Community health providers would lose about $ 240 million, according to an analysis by the End AIDS NY 2020 Coalition. / Archive
Photo: Mariela Lombard / El Diario NY
The COVID-19 pandemic has had a devastating impact on many New York City communities. It would be difficult to find a New Yorker who has not lost a family member, friend, acquaintance, or coworker to the virus. But as we’ve seen with other public health crises, including the HIV epidemic, poor, black and Latino communities have been the hardest hit. For example, the borough of the Bronx that I represent in the State Senate had the worst per capita death rate in New York City during the first wave of the pandemic.
This pandemic has once again highlighted the shameful health disparities that persist in our society. Communities of color and Latino communities were already facing a public health crisis before the pandemic, and community health providers were doing everything they could to help the most vulnerable New Yorkers, with limited resources.
As New York State continues to distribute the COVID-19 vaccine, Governor Cuomo identified community providers to provide health care to communities of color and Latino communities that have been hardest hit by the virus. Yet at the same time, the New York State Department of Health (DOH) is changing how the state pays for drugs under the Medicaid program, threatening the survival of these same providers. community health.
This policy change was made last year during the Medicaid II Program Redesign process that the Governor rushed through during the state budget. Instead of pharmacy benefits being managed by health plans as they are today, under this change, these benefits would be managed by the state.
Due to this change, community health providers will no longer be eligible for drug company discounts, known as 340B discounts, when purchasing medications for their patients. According to an analysis by the End AIDS NY 2020 Coalition, this would take some $ 240 million from these community health providers.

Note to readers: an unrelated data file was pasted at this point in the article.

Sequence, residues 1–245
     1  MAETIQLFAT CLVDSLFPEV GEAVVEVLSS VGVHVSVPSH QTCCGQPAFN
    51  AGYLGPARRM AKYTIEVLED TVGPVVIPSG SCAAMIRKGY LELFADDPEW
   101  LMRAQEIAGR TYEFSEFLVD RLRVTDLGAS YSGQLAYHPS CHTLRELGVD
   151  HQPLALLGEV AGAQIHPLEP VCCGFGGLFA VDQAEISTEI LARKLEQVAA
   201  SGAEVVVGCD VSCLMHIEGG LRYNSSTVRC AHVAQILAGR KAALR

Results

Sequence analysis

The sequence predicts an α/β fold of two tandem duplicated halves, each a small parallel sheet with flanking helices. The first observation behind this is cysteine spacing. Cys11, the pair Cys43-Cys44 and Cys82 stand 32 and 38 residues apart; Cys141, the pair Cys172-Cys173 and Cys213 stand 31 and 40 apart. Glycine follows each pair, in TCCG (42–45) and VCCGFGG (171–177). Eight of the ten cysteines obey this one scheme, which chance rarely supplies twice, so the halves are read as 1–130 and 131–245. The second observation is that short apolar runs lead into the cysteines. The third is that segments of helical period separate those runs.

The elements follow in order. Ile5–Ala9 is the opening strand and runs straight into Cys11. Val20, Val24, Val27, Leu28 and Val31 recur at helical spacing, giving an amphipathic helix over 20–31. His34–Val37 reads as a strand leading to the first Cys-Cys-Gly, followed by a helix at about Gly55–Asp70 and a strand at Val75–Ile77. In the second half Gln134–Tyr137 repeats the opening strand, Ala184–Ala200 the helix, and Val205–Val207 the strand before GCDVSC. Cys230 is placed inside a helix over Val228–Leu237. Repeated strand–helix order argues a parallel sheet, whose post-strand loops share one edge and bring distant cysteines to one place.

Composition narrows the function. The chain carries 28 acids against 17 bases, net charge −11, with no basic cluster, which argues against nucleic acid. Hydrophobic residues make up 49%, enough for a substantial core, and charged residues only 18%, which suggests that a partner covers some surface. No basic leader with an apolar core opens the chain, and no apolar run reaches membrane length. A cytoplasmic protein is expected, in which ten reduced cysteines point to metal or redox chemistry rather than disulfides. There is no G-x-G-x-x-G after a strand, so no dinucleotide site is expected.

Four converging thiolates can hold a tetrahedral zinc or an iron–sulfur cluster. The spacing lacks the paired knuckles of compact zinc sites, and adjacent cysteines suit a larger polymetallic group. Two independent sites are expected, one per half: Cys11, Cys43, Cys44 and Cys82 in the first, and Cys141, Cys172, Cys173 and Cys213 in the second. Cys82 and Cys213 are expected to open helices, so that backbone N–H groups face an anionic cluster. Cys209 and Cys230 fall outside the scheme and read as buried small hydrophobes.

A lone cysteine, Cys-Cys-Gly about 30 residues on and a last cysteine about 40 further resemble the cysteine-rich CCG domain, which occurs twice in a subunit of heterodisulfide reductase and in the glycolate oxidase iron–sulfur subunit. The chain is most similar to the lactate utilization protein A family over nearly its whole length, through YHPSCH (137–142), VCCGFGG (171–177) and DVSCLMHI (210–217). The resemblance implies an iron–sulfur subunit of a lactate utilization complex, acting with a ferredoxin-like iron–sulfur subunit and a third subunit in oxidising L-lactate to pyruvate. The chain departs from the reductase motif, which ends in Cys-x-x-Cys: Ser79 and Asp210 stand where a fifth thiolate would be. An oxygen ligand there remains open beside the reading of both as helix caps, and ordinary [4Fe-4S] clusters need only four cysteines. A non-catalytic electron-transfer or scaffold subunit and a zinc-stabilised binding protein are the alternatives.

I have seen firsthand how these providers operating in my district – Acacia Network, Union Community Health Center, VIP Community Services, BOOM Health, and Morris Heights Health Center – have used this revenue to provide important services to more than 100,000 vulnerable residents of the Bronx. Callen Lorde, an organization serving the LGBTQ communities of Manhattan, Brooklyn and the Bronx, will have to lay off nurses and other staff after losing this income.
Why threaten the viability of these community health providers while at the same time asking them to play a critical role in our battle against the greatest public health crisis in recent years? We cannot address latent health disparities in our communities, while taking income from the very organizations that are saving the lives of our neighbors on a daily basis.
Governor Cuomo and the New York State Department of Health must scrap this far-fetched plan. Therefore, I have proposed a bill that I am trying to include in the state budget this year, which will delay the implementation of this cut for three years. This will give these providers enough time to recover from the financial pressures of the pandemic and focus on the essential work they are doing. Let’s not be too quick to support the wrong policy at the wrong time.
–Gustavo Rivera represents the 33rd Senate District in The Bronx. Serves as Chairman of the State Senate Health Committee.
Eddie is an Australian news reporter with over 9 years in the industry and has published on Forbes and tech crunch.